Amherst College Receives $22 Million for Emily Dickinson Museum

Amherst College Receives $22 Million for Emily Dickinson Museum

Amherst College in Amherst, Massachusetts, has announced a $22 million gift in support of the Emily Dickinson Museum from the late William McCall Vickery, a founding member of the museum's board.

The largest gift ever to the museum — part of a $25 million gift from Vickery to the college — will establish the William McCall Vickery '57 Emily Dickinson Fund in support of the maintenance and improvement of the museum's buildings, grounds, and collections. The museum includes two Dickinson family homes — the Homestead and the Evergreens — as well as three acres of the family's original property and more than seven thousand objects. A devoted Amherst College alumnus, volunteer, employee, and supporter, Vickery helped found the museum in 2003, when the Evergreens, which had been the house of the poet's brother, was transferred to the college; the Homestead was acquired by the college in 1965.

A smaller portion of the gift will create the William McCall Vickery '57 Piano Fund in support of the restoration, rebuilding, repair, and purchase of pianos for the Amherst College music department. To mark his fiftieth reunion in 2007, Vickery endowed the William McCall Vickery 1957 Professorship, which recognizes a senior faculty member distinguished by and dedicated to teaching and research in either art history or musicology.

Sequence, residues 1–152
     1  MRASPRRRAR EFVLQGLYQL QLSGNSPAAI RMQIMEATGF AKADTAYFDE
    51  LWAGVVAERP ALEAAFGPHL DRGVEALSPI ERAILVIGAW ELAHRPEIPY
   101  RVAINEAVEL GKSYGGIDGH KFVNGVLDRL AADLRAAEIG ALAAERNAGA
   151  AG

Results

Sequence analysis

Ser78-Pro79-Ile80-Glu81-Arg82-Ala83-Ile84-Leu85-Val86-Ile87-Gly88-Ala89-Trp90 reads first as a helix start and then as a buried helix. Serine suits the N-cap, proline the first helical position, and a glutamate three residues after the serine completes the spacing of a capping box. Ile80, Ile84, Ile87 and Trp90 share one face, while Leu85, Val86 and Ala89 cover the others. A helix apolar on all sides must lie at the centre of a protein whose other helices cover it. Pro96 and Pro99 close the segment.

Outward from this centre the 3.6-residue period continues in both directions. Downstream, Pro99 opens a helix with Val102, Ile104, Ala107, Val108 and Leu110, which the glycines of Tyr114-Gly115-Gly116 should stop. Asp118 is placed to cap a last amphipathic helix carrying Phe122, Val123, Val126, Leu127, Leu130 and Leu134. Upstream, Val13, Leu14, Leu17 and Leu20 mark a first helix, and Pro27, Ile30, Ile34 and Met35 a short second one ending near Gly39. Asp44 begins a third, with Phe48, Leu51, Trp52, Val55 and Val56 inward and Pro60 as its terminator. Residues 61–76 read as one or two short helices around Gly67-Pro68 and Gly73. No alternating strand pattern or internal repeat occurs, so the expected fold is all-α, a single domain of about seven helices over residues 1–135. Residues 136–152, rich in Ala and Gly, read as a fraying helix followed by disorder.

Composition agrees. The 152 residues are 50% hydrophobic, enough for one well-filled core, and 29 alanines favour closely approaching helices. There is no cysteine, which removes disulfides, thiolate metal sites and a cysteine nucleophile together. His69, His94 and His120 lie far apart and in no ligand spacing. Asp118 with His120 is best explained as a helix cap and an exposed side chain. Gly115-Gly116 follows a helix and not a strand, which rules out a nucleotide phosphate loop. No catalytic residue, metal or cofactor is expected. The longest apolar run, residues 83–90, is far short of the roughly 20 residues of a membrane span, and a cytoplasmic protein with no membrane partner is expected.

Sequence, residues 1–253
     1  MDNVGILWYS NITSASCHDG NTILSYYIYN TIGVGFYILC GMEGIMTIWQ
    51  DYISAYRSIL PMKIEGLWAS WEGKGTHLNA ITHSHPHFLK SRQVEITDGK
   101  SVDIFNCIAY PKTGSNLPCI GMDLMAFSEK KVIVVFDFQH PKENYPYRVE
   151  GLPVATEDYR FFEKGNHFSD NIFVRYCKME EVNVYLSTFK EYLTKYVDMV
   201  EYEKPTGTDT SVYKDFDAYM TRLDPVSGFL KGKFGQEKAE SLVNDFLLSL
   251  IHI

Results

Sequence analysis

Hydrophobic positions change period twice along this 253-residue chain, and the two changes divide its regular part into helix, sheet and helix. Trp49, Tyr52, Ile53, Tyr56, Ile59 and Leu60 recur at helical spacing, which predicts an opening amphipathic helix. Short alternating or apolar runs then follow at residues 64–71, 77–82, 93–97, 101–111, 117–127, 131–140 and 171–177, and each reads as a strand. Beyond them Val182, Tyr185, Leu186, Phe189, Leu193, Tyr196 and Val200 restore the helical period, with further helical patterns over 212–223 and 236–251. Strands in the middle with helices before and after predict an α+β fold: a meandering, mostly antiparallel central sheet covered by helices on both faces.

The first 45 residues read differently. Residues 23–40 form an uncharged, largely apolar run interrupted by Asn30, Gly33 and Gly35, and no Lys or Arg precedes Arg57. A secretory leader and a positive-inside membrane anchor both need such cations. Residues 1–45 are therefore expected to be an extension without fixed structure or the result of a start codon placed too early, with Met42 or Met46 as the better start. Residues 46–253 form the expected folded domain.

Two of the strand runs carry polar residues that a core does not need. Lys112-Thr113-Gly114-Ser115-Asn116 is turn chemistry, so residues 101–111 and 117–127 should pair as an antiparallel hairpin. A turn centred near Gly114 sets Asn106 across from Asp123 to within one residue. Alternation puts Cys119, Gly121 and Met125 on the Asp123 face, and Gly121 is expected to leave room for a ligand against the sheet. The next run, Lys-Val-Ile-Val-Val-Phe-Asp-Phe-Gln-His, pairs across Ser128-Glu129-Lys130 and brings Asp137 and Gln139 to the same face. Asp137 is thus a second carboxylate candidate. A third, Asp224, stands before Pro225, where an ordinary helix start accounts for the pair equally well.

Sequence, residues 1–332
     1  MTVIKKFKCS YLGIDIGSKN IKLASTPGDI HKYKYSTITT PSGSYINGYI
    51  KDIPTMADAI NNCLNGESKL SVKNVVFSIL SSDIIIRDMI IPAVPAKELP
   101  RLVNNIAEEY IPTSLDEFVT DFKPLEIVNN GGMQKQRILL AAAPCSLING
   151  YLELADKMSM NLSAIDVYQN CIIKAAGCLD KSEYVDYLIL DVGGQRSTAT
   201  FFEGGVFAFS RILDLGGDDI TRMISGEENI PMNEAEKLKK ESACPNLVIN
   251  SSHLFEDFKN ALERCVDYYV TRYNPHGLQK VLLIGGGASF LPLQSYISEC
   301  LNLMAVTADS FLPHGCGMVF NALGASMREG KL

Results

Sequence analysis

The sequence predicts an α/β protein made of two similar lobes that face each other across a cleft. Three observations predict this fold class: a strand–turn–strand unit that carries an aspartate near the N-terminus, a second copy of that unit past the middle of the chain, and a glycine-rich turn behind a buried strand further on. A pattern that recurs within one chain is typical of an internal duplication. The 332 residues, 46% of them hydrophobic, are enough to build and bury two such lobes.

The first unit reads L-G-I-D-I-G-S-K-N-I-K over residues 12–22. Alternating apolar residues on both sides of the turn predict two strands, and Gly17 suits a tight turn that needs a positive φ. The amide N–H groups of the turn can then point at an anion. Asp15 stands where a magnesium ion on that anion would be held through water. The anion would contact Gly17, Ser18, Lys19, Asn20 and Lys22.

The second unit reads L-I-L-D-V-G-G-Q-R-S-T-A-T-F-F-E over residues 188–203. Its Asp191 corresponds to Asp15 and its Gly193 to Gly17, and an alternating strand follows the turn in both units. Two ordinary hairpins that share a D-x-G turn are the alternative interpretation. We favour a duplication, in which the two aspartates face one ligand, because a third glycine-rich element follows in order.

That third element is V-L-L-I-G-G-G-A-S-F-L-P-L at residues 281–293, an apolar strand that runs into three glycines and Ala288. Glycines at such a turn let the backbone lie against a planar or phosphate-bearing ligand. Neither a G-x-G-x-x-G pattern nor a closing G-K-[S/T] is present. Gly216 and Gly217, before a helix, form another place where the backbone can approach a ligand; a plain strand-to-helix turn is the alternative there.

Vickery retired in 1987 as board vice chair and chair of advertising firm DFS International and began his "second career" at his alma mater, holding positions in advancement and serving as assistant treasurer until his retirement in 2008. He contributed generously to more than twenty-six individual funds at the college. 

"Bill Vickery truly cherished the Emily Dickinson Museum," said executive director Jane Wald. "He was acutely aware of the importance — and possibility — of restoring Emily Dickinson's Homestead, her brother's house, The Evergreens, and the historic gardens and grounds. He was at the lead in every undertaking for the museum's improvement, and his quiet enthusiasm was infectious and never deterred. His transformative gift will enable the museum to become the true center of celebration of Emily Dickinson's life and work."